Essay on The Animal Testing Controversy

Submitted By SkyeLyn
Words: 1919
Pages: 8

A Test to Die For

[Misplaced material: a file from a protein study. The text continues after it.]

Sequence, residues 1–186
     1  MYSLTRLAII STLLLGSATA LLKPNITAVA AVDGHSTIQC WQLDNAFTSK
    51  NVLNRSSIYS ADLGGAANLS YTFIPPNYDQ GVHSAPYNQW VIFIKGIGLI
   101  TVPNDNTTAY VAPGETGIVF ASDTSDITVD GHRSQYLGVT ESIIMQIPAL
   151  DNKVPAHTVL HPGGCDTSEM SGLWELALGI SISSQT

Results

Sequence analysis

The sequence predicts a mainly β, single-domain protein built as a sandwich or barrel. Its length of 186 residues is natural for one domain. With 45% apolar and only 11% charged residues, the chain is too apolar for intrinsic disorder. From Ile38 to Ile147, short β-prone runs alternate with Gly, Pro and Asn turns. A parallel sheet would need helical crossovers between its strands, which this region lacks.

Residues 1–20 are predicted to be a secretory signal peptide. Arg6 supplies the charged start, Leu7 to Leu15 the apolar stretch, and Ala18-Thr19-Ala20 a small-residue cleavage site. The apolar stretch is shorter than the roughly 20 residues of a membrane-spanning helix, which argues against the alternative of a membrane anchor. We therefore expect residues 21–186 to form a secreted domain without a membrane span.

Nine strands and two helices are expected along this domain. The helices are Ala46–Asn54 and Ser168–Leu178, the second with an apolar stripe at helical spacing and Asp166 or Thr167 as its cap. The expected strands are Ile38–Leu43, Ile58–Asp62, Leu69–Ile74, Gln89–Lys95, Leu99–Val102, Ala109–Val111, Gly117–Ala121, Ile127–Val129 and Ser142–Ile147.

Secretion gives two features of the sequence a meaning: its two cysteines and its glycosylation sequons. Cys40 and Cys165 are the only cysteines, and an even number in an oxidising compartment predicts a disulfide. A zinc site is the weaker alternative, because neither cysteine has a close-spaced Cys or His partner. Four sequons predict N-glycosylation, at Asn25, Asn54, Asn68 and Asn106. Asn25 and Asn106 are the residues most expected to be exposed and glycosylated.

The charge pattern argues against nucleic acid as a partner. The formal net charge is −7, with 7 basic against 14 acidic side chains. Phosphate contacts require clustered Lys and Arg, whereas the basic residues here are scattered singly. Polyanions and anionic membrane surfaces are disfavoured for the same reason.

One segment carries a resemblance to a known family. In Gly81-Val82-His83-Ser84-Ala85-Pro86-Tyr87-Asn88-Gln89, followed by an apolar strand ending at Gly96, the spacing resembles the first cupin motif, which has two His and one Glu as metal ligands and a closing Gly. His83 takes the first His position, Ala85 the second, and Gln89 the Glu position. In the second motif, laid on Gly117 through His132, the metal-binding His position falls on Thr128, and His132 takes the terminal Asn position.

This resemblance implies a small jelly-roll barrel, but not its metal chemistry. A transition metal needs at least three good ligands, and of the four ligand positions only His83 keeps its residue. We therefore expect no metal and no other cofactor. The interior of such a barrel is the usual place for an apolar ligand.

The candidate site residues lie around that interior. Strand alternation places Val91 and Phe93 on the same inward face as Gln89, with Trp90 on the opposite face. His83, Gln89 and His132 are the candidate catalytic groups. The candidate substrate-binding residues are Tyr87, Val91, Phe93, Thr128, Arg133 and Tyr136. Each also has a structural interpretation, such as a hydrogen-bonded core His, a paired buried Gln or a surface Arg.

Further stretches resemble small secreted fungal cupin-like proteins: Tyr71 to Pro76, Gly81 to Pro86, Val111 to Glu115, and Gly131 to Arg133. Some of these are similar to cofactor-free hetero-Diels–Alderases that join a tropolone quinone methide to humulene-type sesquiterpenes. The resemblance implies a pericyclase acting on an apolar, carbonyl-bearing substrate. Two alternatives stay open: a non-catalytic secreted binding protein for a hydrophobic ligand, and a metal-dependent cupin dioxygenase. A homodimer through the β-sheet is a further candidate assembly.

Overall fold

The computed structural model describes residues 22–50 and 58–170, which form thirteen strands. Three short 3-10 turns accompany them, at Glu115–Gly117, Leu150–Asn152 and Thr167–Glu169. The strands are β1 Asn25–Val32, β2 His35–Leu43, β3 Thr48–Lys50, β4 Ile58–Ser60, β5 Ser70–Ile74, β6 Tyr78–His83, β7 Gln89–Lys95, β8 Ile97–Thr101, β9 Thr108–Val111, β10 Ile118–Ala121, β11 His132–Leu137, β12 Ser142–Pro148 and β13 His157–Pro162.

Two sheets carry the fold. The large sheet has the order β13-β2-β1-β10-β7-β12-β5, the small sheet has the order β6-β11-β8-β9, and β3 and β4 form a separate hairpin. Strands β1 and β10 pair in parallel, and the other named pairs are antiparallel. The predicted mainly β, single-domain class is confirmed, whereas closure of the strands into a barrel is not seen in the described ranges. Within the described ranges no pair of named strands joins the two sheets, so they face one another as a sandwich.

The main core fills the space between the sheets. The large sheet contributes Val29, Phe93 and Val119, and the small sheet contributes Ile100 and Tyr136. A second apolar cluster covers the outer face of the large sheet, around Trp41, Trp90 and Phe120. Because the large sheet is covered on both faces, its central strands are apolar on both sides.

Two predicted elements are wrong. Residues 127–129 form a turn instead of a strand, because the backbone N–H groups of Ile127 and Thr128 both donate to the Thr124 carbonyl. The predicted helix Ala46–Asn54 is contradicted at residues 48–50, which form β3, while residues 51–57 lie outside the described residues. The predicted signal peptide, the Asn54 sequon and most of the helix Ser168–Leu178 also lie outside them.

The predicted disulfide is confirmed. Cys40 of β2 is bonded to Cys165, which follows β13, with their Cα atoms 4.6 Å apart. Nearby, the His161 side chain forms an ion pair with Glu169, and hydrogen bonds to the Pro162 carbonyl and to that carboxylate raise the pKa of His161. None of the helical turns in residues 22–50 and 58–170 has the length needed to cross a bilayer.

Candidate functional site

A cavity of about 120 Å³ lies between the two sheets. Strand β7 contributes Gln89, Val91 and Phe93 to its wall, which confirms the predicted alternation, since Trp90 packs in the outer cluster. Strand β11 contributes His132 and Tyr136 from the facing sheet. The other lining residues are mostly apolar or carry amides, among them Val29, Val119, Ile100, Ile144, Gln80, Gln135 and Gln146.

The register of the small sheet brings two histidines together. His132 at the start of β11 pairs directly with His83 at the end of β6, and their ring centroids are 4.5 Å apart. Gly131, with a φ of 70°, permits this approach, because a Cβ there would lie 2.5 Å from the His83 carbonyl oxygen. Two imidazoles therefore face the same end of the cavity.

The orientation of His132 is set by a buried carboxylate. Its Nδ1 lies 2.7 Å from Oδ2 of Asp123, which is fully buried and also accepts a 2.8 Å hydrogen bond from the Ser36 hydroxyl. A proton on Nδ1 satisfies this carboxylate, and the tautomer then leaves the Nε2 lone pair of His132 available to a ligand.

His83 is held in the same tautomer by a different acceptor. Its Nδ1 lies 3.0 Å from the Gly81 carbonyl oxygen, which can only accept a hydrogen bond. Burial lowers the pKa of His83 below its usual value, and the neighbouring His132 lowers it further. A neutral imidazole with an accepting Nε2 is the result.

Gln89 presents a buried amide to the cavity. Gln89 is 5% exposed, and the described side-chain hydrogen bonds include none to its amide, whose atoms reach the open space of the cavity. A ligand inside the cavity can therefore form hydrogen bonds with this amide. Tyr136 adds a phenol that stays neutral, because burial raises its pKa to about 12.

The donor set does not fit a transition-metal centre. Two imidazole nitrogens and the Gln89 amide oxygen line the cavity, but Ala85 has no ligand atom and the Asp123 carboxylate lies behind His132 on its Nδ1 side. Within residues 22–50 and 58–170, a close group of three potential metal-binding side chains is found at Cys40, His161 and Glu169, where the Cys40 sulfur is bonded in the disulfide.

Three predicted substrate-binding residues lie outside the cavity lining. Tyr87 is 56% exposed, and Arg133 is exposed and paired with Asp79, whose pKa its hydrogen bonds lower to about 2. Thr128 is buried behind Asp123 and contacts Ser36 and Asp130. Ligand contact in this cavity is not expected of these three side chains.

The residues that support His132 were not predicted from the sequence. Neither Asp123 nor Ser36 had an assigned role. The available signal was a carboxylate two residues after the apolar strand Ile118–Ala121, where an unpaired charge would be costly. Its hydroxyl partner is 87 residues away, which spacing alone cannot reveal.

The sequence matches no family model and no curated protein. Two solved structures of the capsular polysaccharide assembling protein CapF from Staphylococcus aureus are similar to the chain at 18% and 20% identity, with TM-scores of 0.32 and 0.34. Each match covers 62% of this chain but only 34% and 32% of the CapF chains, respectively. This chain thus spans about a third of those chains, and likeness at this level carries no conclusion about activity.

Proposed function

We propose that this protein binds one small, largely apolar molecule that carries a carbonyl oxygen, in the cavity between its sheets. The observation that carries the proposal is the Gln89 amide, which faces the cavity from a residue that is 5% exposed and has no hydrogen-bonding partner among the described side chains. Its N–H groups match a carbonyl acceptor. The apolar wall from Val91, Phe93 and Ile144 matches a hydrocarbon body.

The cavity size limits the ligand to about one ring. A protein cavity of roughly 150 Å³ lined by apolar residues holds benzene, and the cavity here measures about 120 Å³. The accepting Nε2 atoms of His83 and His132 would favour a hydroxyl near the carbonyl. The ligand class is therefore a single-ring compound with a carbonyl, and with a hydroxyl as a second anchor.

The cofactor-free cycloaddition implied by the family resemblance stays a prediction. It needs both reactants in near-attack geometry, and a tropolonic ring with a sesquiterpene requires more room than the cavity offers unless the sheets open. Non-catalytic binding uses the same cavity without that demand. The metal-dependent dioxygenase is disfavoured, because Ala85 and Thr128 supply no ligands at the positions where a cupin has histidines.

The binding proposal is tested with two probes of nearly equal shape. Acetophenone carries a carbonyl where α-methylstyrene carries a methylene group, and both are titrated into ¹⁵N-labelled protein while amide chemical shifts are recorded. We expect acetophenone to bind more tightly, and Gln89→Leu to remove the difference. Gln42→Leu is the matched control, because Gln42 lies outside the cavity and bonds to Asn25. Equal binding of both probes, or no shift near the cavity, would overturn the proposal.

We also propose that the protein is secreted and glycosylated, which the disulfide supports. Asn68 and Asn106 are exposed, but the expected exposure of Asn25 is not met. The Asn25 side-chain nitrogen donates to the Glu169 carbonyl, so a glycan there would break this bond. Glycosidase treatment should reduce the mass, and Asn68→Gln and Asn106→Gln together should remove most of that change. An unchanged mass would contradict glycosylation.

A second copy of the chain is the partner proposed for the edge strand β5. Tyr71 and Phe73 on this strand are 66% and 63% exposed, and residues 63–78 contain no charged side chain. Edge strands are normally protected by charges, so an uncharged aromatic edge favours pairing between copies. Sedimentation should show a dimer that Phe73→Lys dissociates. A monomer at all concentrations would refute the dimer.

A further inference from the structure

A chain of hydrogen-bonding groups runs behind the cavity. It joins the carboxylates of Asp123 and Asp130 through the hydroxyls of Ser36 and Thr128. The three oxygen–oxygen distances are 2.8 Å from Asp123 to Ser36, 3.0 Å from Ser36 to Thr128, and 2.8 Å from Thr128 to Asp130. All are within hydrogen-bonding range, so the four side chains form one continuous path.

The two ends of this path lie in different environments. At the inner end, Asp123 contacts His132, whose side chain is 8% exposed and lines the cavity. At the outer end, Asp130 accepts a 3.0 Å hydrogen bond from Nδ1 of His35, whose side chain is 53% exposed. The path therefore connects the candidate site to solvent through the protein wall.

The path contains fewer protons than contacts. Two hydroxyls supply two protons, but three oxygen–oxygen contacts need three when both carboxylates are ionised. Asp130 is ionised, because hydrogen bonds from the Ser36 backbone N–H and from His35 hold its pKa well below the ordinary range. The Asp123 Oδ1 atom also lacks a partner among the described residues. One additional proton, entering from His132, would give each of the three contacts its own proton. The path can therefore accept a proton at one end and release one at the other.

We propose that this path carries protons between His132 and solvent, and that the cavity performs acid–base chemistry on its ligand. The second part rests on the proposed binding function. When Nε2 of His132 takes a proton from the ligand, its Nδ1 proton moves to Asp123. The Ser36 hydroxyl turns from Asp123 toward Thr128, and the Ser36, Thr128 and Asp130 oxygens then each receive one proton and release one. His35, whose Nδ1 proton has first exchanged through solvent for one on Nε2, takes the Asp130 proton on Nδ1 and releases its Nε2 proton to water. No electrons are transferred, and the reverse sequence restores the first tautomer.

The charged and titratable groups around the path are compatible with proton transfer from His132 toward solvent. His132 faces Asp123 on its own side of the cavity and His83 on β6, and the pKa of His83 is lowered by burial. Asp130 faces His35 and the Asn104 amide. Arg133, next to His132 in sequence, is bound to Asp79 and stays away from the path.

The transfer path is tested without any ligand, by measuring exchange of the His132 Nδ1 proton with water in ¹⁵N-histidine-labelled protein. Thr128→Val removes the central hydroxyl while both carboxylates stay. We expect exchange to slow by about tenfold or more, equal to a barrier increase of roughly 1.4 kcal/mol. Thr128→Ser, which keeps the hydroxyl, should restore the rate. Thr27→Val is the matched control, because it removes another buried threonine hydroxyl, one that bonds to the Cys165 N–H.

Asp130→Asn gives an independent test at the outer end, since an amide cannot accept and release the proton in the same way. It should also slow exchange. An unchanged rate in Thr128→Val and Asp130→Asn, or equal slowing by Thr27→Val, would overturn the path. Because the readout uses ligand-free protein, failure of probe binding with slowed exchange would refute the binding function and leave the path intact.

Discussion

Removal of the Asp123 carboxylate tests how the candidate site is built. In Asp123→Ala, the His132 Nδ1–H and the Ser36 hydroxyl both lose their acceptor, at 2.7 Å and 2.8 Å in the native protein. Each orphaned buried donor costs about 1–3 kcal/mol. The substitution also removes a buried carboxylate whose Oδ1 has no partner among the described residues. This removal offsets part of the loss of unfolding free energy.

Animal experimentation is an ever growing issue of modern culture and just like many debates one side is labeled the hero and the other a villain, but in the case of animal testing it's not so black and white. There are many good reasons to be against animal experimentation like in reference to the methods of testing or animal rights but for most the reason is that of moral or personal. And in many cases most people choose to be against animal testing before they even consider what the benefits might be. These reasons are perfectly acceptable and should be considered by each individual, but you also need to look at the picture as a whole. What would the world be like today if diseases such as polio, mumps, or rubella had not been cured or if antibiotics and insulin were never invented? If you choose to be against animal testing, that's fine, but at least be educated about what you are opposing in its entirety. I for one am against animal testing, but I do understand its necessity and the role it plays in our society. Most animal right activists overlook the fact that researchers do in fact care about the needs and treatment of the animals in their facilities. Each facility has certain protocols and regulations to follow that include humane living conditions and proper upkeep. Most arguing against animal testing would suggest these facilities are nothing more than medical torture chambers ran by monsters who enjoy killing innocent creatures but that's far from the truth, these men and women are in fact saving lives by creating medicines and cures by doing a job most people couldn't handle. Alan M. Goldberg, a toxicology professor at Johns Hopkins University, stated, in regards to how slow the development of alternative methods are, that “Nothing has gone faster than we expected,” and “That’s our big disappointment.” (NYT) These facilities aren't kidnapping your pets or running around like mad scientists but are using genetically engineered rodents to create drugs that benefit both animals and humans. Can you imagine how hard it is going to work every day in hopes of saving lives and having all the world view you as a murder, talk about unappreciated. Animal experimentation has been around just as long as the medical field but when did it become unethical, when did people start to take notice and demand changes? Many might be surprised to know that animal rights activists groups are not a new development, in fact according to the US National Library of Medicine, the Cruelty to Animals Act was passed in 1876 to reduce the number of scientists eligible to test on animals. Over the decades activists have continued to fight for the reduction of animals used in experiments as well as the procedures allowed for testing. With the implementation of rules and regulations to be followed by researchers such as the ones found under Animal Welfare Act --Federal law that regulates the treatment of animals in research-- the Health Research Extension Act of 1985 --to ensure the proper treatment and care of animals within research facilities-- and with off the wall protest demonstrations in regards to animal rights and the humane treatment of animals. Also with the implement of IACUC in 1986, which stands for Institutional Animal Care and Use Committees, that states "scientists need to have their research approved by a committee" (ASPCA) and prevents scientists from testing on animals without a necessary cause. But where should a line be drawn, what should be considered too much? "Scientists have become concerned with ‘the moral and ethical responsibility for the humane treatment of animals in experimentation’ whereas animal protection groups are concerned with ‘the moral rights of animals....’" (NCBI) But what happens when activists push for the complete elimination of animals in the research field without a proper reliable replacement? It's a well-known fact that alternative methods are an up and coming new